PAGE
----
The younger was peeved because the elder had a play date and she didn’t. But it wasn’t just that. The kids had just returned from a camping trip with HWMBP, who, you will recall, Must Be Preserved precisely because of his ability to survive in the wilderness when the Zombie Apocalypse comes.
The younger was dirty, tired, and cranky, and she wanted company, just not my company. She didn’t want to play; she didn’t want to read. I tried in vain to set up a play date. I looked at the clock. HWMBP was taking them to a Memorial Day barbecue at 5. What could we do to kill an hour?
“Why don’t we walk to get frozen yogurt?” I suggested, brightly.
“Mo-ommmmmm,” the younger fumed, at this obviously odious proposition.
“I don’t want to do anything that involves eating,” she declared.
I opened my mouth to make another suggestion.
“Or walking,” she added. I closed my mouth.
Spoken like a true Angeleno, I thought.
“OK,” I said. “What do you want to do then?” I did not expect her to be ready with a suggestion but she was.
“Why can’t we just, just, just go get our nails polished together?” she pleaded. “We’ve never even done that before,” she protested, as if it was something she’d been nagging me to do for years although, in fact, this was only the second time she’d ever mentioned the idea.
Although I paint the younger’s nails all the time (and she paints mine, generally against my will), it is true that we had never been to a nail salon together. I was about to say, “we don’t have time,” but then I reconsidered. It really doesn’t take all that long to get your nails painted. I called the nearest nail place. They could take us immediately. It was decided.
The younger was ecstatic.
When we got there (she conceded to walking), we chose our colors: light pink for her and navy blue for me.
“Light pink and dark blue go well together, don’t they, Mom?” she observed in her husky voice, extremely pleased by our choices.
As we both sank into our comfy chairs, I let out a big sigh and thought, oooh, this really was a good idea.
A couple, a man and woman in their late fifties or sixties, were sitting opposite us getting their nails done. The woman couldn’t take her eyes off the younger.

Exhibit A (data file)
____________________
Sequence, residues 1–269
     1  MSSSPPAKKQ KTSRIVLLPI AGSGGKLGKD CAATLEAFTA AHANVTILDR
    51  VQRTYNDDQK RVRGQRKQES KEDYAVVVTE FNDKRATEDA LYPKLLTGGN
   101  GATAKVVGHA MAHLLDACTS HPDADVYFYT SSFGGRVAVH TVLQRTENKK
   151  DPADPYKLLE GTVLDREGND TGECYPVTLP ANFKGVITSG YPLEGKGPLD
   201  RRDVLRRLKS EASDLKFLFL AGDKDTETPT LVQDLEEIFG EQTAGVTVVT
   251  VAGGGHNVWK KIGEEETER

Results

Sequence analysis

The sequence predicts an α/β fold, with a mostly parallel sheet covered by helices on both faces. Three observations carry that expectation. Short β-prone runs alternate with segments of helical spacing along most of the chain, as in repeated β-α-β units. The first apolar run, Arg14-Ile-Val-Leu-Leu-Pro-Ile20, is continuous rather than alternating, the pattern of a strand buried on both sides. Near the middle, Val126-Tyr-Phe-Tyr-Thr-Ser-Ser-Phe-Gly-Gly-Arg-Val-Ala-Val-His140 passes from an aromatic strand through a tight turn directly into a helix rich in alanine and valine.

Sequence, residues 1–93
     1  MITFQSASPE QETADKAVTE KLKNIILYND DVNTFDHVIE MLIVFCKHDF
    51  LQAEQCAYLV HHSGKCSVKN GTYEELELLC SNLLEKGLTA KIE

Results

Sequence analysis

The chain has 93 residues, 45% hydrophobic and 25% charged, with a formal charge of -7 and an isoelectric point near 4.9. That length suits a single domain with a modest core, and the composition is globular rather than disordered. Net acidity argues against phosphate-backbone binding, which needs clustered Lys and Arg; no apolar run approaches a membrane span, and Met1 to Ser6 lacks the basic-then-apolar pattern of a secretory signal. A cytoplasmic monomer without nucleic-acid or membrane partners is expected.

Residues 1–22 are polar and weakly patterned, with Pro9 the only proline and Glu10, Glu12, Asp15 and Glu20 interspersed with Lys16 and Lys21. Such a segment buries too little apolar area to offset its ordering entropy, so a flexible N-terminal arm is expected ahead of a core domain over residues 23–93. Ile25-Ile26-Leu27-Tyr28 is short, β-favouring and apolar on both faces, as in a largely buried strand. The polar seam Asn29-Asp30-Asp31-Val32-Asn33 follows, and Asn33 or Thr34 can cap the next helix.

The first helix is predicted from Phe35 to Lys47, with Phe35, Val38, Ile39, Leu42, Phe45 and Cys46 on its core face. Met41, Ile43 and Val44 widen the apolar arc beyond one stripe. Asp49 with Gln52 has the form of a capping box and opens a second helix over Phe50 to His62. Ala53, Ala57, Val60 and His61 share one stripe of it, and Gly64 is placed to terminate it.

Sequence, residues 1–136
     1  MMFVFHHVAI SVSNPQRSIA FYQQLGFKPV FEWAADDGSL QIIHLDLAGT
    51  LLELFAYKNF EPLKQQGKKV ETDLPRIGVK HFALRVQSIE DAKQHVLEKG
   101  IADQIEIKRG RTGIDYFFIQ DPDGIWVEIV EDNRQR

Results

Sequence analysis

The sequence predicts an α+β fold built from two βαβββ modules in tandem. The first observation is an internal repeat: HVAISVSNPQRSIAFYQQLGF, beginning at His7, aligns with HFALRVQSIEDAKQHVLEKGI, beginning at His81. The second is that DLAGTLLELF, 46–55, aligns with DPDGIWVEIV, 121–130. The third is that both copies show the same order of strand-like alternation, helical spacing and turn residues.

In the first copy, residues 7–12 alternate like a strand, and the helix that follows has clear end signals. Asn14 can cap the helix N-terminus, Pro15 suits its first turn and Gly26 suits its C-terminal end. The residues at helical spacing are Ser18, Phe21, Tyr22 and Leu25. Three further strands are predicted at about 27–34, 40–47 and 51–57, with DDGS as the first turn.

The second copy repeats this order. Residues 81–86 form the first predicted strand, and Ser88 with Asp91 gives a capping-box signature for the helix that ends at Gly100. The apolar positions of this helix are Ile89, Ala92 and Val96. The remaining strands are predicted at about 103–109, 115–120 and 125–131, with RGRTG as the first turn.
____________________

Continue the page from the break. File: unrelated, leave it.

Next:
“What a great-looking kid,” she murmured, beaming.
I laughed: I thought I knew what she meant: there was something arresting about the sight of the tangle-haired little girl in the mud-stained sweater reclining on the plump cushions with her hands held out regally.
The woman continued to gaze at the younger, transfixed, until her own treatment was finished. Before getting up she turned to me.
“Our [gesturing to her husband] daughter is 29 now. But I remember when she was just about this one’s age, bringing her in for her first manicure.”
I smiled, thinking of how my own first professional manicure had most definitely been when I was an adult. If there had been any mother-daughter nail polishing ritual, it was much much later, when I took my mother for her first manicure—probably in LA, come to think of it.
As the woman got up from her seat, she gave the younger one last tender look.
“It’s such a sacred moment,” she declared, before walking off.
I had to stifle, I admit, a huge guffaw, at this solemn pronouncement. A five-year old girl getting her first manicure is a sacred moment?
Maybe my repressed guffaw was out of place. If I were a foreigner anywhere else, would I so sneeringly mock the cherished rites of passage of the local culture? Of course not! No, I would probably extol them as fascinating traditions.
Still. I don’t think it was a sacred moment. But it was … a lovely experience. The younger looked so blissed out after her manicure I thought she was going to fall asleep. To be attended to with care and ceremony can be extremely soothing; it can also be unexpectedly moving. I thought about this as the woman who was performing my manicure massaged my arms and hands. There’s something so intimate about another human caressing your hand and clasping it tightly. I felt tears prick slightly in my eyes when she intertwined her fingers with mine.
Last week in therapy, Dr F. pressed me to articulate my feelings more precisely without using a generic term like “lonely” or “sad” or “longing.”
I thought for a long time in silence. All I could think of was a gesture.
“It’s like I’m reaching out,” I said. “It’s like I’m reaching out my hand,” I continued, and I think I may even have physically extended my hand as I spoke, as if trying to catch the feeling.
“I’m reaching out my hand and I’m expecting someone to take it, and then I feel this, this sense of absence when they don’t.”
“Reaching out,” she asked, “like you’re on the flying trapeze?”
It wasn’t what I’d had in mind, but I loved the image.
“Yes,” I said. “Yes, exactly. But my timing is always off. I reach too far or too early, so I always miss the catch.”